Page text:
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Market Rally Fades, Close (Mostly) in the Green

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Markets faded their rally this afternoon but still closed the session in the green today — all except the Nasdaq, which spent most of the day in the red. A sort of relief rally in regional banks on the assistance given Silicon Valley Bank (SVB) by First Citizens (FCNCA - Free Report) put something of a backstop behind what had been destabilizing the markets a bit over the past few weeks. The Dow gained +189 points, +0.59%, while the Nasdaq was -0.49% on the day. The S&P 500 grew a slight +0.19% but the small-cap Russell 2000 beat the field, +1.10% for the session.

We saw Big Banks rise on this latest from SVB, as well, helping put to bed any overheated fears of massive bank contagion, akin to what we saw during the financial crisis of 2008-09. Crude oil has also bounced back today, on a supply disruption in Northern Iraq and a couple trade issues. WTI is back above $73 per barrel, +5% on the day, while the Brent climbed +4% to $78 per barrel. Energy was the top-performing industry on today’s S&P — and is now back within its 200-day moving average. The industry is still trying to climb off the mat as the worst-performing sector of the S&P year to date.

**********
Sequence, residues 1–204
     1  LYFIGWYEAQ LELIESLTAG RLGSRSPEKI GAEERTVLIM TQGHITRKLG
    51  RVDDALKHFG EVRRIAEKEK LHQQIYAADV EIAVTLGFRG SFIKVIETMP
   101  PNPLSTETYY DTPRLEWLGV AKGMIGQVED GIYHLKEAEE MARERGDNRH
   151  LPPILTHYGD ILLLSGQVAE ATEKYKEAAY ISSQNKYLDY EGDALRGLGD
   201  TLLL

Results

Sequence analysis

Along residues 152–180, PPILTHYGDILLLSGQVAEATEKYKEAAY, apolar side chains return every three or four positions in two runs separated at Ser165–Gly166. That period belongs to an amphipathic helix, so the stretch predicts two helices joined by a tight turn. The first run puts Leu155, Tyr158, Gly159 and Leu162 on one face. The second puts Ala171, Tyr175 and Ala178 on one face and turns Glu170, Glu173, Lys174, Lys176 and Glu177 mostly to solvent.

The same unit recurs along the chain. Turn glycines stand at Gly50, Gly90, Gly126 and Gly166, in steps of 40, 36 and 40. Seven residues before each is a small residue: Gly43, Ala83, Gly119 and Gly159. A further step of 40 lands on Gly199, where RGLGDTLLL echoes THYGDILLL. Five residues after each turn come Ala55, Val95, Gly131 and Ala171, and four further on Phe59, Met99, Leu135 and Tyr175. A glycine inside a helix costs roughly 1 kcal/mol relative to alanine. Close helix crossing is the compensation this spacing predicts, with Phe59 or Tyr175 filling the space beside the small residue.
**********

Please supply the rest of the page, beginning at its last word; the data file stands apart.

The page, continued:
Tomorrow morning we get new economic prints, in the form of Case Shiller home price index for January, Inventories and Trade Balance for February and U.S. Consumer Confidence for March. None of these reports will factor as heavily as Friday’s Personal Consumption Expenditures (PCE), but we do expect most or all of them to come in smaller than a month ago — especially Case Shiller, which posted +4.6% combined home price gains last time around and only expects +2.5% tomorrow. This would be a favorable number for helping keep inflation in housing under control.

After today’s closing bell, PVH Corp. (PVH - Free Report) (formerly Phillips-Van Heusen) reported fiscal Q4 earnings results. The parent of popular brands Tommy Hilfiger, Calvin Klein and others posted a big beat on its bottom-line: $2.38 per share versus $1.64 (though still down from $2.84 per share a year ago) on $2.4 billion in revenues, which outperformed the $2.34 billion in the Zacks consensus. Gross margins shrunk a bit and still-high inventories were challenges for the brand retailer in the quarter, but shares of the stock gained +10% in late trading.

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